|Birthdate||January 31, 1987|
|Birth Place||Garden City, KS|
|Record||Won 29 / Lost 4 / Drawn 2 / 22 KO's|
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Introduced to boxing by his father at the age of seven, Ortiz and his siblings soon had to deal with life on their own after both their parents left. Resilient and determined to make something of his life, the 12-year old Ortiz worked in the cornfields to make ends meet. By 13, he was in foster care, and it took five years for him to be reunited with his older sister, who took custody of him.
At this point, Ortiz was making a lot of noise in the amateur boxing world, and he eventually made it to the 2004 Olympic trials. And though he fell short of making the Olympic team, later that year he was in the ring making his pro debut, stopping Raul Montes in a single round.
Six more wins followed before he suffered the only loss of his pro career on June 3, 2005 when he was disqualified in the first round against Corey Alarcon for what was controversially ruled an illegal blow when the two broke from a clinch.
Undeterred, Ortiz lived up to his nickname ‘Vicious’ in the ring over the next two years as he piled up win after win. By 2007, he was ready to make his move on the big guns at 140 pounds, and with a dominating 10th round TKO of Emmanuel Clottey and a spectacular first round knockout of former world champion Carlos Maussa in front of a packed house at New York’s Madison Square Garden, Ortiz had arrived.
2008 kicked off with a bang for the Californian, as he knocked out Dairo Esalas in five rounds on the Oscar De La Hoya-Steve Forbes undercard on May 3, 2008, and on September 13th, Golden Boy Promotions’ newest signee returned to the ring and blasted out 47-fight vet Roberto Arrieta in just five rounds.
But two second round knockout victories over Jeffrey Resto in defense of his NABO 140-pound title in December of 2008 and Mike Arnaoutis for the USBA crown in March of 2007 changed everything for Ortiz, who had graduated from prospect to contender in impressive fashion.
Next up was a clash against Marcos Maidana for the interim WBA junior welterweight title on June 27, 2009, and in one of the year’s best fights, Maidana went down three times and Ortiz twice before the Argentinean emerged victorious via a sixth round TKO.
It was a setback for “Vicious” Victor, but he was not discouraged by the defeat; he instead vowed to come back stronger than ever, and in two subsequent bouts, he halted longtime standout Antonio Diaz in seven rounds, and veteran Hector Alatorre in ten frames to improve to 26-2-1 (21 KOs) as a pro.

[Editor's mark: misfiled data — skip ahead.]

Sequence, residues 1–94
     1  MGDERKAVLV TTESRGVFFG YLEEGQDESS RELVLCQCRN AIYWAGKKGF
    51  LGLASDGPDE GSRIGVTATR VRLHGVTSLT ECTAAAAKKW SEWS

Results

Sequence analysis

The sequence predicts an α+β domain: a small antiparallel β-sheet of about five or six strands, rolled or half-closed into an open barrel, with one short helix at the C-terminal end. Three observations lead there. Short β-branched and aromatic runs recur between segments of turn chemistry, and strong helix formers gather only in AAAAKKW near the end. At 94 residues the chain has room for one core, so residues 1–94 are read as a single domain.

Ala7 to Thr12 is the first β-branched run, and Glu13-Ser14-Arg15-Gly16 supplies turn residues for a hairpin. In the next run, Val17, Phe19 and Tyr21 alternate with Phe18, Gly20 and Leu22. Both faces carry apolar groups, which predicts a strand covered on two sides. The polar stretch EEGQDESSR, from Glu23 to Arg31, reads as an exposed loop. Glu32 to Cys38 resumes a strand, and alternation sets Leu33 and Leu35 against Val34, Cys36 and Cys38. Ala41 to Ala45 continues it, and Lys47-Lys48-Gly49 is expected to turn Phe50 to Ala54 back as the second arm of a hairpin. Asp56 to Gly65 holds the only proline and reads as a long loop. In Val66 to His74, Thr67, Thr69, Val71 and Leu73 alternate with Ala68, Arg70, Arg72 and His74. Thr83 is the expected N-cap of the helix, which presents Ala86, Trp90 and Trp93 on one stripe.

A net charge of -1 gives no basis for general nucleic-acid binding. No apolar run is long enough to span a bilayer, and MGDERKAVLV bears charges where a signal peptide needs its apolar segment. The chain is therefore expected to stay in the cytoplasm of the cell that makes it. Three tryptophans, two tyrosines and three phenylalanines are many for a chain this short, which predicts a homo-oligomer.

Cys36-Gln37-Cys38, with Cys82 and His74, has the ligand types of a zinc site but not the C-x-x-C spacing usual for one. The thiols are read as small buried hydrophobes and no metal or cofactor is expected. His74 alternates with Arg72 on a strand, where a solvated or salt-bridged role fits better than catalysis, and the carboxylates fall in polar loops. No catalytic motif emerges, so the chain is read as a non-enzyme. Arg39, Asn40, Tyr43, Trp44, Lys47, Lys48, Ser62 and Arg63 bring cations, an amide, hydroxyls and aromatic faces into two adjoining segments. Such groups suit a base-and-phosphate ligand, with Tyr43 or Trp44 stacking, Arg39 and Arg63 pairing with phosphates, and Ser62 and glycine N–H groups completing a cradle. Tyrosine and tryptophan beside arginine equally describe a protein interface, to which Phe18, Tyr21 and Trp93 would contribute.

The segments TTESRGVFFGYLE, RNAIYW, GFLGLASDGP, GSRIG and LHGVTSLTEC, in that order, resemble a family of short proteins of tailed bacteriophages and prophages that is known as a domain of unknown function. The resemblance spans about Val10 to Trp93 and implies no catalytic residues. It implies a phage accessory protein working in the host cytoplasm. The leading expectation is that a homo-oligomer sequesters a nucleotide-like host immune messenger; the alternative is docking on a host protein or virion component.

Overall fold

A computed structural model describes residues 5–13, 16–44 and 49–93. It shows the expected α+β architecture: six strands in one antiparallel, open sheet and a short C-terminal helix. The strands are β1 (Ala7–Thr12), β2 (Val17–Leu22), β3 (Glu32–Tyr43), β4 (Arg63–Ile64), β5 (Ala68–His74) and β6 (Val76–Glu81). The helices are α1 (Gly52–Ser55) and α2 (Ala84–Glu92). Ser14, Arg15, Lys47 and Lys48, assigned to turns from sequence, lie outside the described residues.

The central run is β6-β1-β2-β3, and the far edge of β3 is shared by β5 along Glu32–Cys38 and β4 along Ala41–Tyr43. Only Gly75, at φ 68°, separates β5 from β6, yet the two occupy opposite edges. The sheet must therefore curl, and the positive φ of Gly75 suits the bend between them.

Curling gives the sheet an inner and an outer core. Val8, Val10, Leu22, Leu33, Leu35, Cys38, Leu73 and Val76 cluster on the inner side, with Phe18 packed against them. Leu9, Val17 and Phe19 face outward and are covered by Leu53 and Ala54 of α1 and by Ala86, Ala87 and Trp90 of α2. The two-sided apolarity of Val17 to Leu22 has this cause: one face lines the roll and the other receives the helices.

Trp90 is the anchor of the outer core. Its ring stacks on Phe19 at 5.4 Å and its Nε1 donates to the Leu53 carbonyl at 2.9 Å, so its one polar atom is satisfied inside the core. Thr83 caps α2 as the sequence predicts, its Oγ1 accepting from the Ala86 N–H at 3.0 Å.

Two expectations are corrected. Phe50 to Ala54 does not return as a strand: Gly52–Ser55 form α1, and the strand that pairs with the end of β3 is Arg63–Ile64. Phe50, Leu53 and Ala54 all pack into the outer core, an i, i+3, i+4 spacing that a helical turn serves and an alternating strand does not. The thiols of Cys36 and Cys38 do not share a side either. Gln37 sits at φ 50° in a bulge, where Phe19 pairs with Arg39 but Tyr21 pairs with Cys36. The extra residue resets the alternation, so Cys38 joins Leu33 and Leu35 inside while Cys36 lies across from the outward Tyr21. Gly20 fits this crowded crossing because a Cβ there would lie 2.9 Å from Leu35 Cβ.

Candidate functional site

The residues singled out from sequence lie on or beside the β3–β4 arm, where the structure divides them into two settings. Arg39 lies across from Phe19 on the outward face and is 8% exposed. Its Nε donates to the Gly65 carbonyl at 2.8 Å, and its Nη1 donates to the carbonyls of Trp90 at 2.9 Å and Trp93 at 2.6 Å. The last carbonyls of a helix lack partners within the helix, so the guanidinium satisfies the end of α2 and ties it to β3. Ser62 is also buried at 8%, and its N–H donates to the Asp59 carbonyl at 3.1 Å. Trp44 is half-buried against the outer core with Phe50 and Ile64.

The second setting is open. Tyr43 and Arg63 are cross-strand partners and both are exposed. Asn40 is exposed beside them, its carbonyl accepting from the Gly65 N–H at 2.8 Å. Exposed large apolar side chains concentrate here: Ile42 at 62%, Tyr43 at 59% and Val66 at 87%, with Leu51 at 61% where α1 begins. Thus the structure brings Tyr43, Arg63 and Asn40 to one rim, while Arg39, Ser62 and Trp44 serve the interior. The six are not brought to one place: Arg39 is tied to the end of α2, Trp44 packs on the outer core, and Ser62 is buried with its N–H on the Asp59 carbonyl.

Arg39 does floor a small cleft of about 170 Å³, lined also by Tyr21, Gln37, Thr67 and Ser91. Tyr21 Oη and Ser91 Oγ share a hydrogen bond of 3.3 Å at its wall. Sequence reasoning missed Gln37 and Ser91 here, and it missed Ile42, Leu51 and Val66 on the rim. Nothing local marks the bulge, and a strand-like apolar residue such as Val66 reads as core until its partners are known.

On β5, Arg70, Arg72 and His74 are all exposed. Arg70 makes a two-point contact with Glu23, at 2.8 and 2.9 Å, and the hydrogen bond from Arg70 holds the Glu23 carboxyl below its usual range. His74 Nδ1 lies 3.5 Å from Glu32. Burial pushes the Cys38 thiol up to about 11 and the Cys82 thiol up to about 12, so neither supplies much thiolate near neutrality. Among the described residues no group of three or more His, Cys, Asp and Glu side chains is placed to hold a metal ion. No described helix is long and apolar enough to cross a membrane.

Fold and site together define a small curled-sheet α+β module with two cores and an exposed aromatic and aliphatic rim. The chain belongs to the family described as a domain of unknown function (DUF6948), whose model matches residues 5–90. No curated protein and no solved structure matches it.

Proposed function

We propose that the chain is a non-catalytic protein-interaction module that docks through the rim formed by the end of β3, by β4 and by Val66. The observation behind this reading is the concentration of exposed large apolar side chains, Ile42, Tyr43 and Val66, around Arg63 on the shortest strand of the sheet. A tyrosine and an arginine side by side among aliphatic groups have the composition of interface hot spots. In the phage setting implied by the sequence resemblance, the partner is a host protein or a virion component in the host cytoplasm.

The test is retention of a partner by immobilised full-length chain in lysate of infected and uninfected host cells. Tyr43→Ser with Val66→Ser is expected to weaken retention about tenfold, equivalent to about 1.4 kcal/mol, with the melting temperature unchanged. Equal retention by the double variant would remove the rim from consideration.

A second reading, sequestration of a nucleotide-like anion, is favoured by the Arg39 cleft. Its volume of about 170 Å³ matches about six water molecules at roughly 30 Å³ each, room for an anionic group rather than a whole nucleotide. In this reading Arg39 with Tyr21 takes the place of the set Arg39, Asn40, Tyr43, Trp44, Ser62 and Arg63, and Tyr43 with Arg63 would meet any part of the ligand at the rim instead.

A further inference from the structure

On May 15, 2010, Ortiz set foot on the big stage once again when he took on former world champion Nate Campbell in New York City and scored a near-shutout 10 round decision victory. On September 18th, he returned to STAPLES Center in Los Angeles for the first time since the Maidana fight and was in stellar form as he knocked out former world champ Vivian Harris in the third round, setting up a December 11th showdown with Lamont Peterson in Las Vegas.
The Peterson fight was a puzzling one to most observers, as Ortiz knocked his opponent down twice in the third round, and was solid throughout the ten rounder, only to have the judges render a draw verdict.
But the fight world knew what Ortiz had accomplished in the bout, and on April 16, 2011, he stepped up to the welterweight division to face Andre Berto for the WBC world championship.
What followed was one of the most exciting championship bouts of recent history, as Ortiz and Berto traded hellacious power shots, causing each fighter to hit the deck twice. But despite the knockdowns he suffered, Ortiz was the quicker and more active fighter throughout, and when he landed his blows, he would routinely shake the champion up. At the end of 12 rounds, the judges rendered a unanimous decision…for the NEW WBC welterweight champion of the world, Victor Ortiz.
It was a spectacular victory for Ortiz, one that resonated throughout the world both in and out of boxing. On May 10, 2011, it was declared “Victor Ortiz Day” in his home state of Kansas, but the big news wasn’t over yet for Ortiz, as he was soon to engage in the biggest fight of his career on September 17, 2011 against pound-for-pound great Floyd Mayweather Jr. In perhaps the biggest event of the year, Ortiz suffered a controversial loss of his title via fourth round knockout, but after overcoming so much in his life and career, this was just a minor setback.
Ortiz had been training to fight Andre Berto on February 11, 2012 in a rematch of their electric fight in April 2011, but Berto sustained a bicep injury delaying the match until June 23, 2012. In the spring, Ortiz began training again for Berto, but after Berto failed a prefight drug test, Josesito Lopez stepped in to face Ortiz.
On June 23, 2012, Ortiz will finally begin a new year and a new chapter when he fights Lopez .